4 Lessons for Wife of Clarence Thomas, Bully of Anita HillMadeline Holler
Virginia Thomas, wife of Supreme Court Justice Clarence Thomas, has offered today’s parents a teachable moment in manners.
It’s important for kids to learn to say they’re sorry, and also not a bad idea to remind others to do so. The ever classy Virginia Thomas hasn’t let time or dignity or convincing testimony get in the way of reasonable demands for good behavior. Which is why she called Anita Hill this weekend to demand a long overdue apology for accusing Justice Thomas of sexually harassing her.
Now, assuming her voice mail to Anita Hill wasn’t just the capper on a weekend of drunk-dialing, it’s clear that even the benevolent Ms. Thomas has a few things to learn about good manners and forgiveness — those building blocks of character we so hope to instill in our children. I see 4 areas she needs to work on.
1. Be genuine
Now, come on, Virginia. A phone call in the early morning? On a weekend? You didn’t want to speak directly to Anita Hill, you wanted to get her voice mail. It’s a classic avoidance behavior and it reeks of dishonesty, insecurity and a lack of control. Genuine apologies should open dialogue.
2. Know the players
You’ve confused the apologizer with the apologizee. Classic teacher’s pet problem. Remember, the Senate Judiciary Committee isn’t a court of law. Just because enough of the mostly male group basically ignored Anita Hill’s testimony doesn’t mean certain people under discussion didn’t say very specific and icky things about a besmirched Coke can.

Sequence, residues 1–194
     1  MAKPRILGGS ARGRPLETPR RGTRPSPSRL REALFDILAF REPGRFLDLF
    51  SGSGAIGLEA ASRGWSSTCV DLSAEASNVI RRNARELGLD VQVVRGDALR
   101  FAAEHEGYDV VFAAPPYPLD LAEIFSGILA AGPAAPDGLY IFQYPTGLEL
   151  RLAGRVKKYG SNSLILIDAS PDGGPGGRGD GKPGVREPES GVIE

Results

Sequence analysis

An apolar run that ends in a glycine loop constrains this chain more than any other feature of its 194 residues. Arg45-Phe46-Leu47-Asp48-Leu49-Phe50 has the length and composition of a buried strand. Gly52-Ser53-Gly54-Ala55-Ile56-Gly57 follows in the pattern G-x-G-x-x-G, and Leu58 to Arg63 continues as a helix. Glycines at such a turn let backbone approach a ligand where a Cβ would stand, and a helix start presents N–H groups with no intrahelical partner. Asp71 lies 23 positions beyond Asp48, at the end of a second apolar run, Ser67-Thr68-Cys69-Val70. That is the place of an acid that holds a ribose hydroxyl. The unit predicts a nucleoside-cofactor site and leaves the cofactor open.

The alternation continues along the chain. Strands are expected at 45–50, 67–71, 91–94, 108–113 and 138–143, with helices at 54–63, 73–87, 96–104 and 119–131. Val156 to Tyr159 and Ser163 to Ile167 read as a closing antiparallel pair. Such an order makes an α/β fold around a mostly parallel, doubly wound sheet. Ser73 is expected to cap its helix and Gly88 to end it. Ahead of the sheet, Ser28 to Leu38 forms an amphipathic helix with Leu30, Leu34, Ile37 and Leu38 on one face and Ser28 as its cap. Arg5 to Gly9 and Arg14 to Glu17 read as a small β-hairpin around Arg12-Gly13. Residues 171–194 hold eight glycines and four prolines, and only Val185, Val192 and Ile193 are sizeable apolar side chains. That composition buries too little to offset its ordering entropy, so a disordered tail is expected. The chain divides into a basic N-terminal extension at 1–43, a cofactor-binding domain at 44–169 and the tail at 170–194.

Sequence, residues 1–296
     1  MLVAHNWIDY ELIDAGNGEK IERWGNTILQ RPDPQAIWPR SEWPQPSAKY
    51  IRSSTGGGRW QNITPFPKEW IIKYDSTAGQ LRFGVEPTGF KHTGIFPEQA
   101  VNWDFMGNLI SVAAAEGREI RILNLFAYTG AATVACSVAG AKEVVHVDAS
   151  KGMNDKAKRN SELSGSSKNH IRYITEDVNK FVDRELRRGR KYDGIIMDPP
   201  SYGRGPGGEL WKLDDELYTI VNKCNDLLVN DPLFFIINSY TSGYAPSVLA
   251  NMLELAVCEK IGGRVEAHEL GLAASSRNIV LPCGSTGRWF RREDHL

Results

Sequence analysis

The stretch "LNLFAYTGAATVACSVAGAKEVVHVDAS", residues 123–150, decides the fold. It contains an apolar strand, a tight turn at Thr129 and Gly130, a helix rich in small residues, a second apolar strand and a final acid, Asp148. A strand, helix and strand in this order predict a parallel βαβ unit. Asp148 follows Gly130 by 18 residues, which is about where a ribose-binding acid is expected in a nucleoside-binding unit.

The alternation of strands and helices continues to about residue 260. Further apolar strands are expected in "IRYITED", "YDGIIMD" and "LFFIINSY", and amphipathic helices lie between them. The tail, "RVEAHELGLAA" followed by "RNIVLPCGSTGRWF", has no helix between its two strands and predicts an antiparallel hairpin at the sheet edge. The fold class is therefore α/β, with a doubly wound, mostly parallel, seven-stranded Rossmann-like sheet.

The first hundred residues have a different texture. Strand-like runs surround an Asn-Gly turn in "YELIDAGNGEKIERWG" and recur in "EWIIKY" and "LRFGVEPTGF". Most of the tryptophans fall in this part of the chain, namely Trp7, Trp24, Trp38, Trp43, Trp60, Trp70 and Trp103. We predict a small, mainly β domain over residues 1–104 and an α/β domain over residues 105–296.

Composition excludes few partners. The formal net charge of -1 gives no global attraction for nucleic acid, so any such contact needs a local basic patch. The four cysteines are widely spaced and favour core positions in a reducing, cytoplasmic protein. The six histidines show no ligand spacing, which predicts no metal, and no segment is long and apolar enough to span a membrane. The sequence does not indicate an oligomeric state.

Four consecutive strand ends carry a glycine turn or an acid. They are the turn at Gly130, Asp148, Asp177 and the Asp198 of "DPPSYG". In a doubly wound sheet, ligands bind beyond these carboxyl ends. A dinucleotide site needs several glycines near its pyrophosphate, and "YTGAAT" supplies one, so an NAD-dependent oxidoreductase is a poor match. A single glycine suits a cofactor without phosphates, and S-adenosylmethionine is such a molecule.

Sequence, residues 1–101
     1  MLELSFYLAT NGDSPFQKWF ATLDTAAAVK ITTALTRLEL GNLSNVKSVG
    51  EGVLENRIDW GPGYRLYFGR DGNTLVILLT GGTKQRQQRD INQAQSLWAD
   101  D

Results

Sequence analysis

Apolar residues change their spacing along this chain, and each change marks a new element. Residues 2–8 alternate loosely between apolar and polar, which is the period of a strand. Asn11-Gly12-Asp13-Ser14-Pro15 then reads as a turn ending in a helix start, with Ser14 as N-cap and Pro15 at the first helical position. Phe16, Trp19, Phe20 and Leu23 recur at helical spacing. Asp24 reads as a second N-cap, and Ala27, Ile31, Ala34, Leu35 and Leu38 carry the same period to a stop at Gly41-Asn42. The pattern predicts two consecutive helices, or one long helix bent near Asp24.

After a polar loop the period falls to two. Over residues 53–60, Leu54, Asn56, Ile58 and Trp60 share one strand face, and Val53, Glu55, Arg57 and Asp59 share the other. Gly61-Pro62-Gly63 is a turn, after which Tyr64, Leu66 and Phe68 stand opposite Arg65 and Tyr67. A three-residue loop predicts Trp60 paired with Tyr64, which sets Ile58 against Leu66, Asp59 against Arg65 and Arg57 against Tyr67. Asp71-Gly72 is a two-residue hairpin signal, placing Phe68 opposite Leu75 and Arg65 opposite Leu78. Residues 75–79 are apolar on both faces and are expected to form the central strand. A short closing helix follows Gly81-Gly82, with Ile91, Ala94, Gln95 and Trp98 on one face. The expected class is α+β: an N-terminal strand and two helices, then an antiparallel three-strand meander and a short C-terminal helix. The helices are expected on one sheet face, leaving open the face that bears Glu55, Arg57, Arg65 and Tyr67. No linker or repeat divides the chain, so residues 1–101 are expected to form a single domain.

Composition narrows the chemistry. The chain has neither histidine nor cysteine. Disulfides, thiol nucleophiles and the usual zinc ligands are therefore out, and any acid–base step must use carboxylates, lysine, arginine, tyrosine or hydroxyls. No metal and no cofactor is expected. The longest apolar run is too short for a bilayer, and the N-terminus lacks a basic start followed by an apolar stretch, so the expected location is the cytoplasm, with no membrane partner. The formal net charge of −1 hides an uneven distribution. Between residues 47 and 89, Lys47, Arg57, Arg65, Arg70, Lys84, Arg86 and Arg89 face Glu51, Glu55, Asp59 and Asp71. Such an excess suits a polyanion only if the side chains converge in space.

3. “Sorry” can’t be forced
Apologies have to come from a place of honesty, from the heart. You can’t force someone to feel apologetic if they don’t. It’s difficult — and, any preschool teacher will tell you this, unwarranted — to apologize for telling the truth. Especially if coming forward and speaking the truth was a huge media circus, meant repeating gross and undignified things on national television, and changed your life forever.
4. Don’t be a bully
Dragging Anita Hill back into the spotlight and reminding her and everyone else of Clarence Thomas’s inappropriate and demeaning behavior is grown-up bullying. It’s sort of like repeating “ha, ha, you cried when I punched you in the face” at circle time after punching that person in the face before circle time. What’s next? Trying to get everyone to defriend Hill on Facebook? Of course, like any bully, Virginia Thomas’s demand for an apology is actually a ploy for attention and sign of problems at home.
Anita Hill is quite schooled on how to handle bullies, it would appear. Not only did she punched back by going public with the message, she went to the police.
Here’s another lesson for Virginia Thomas.
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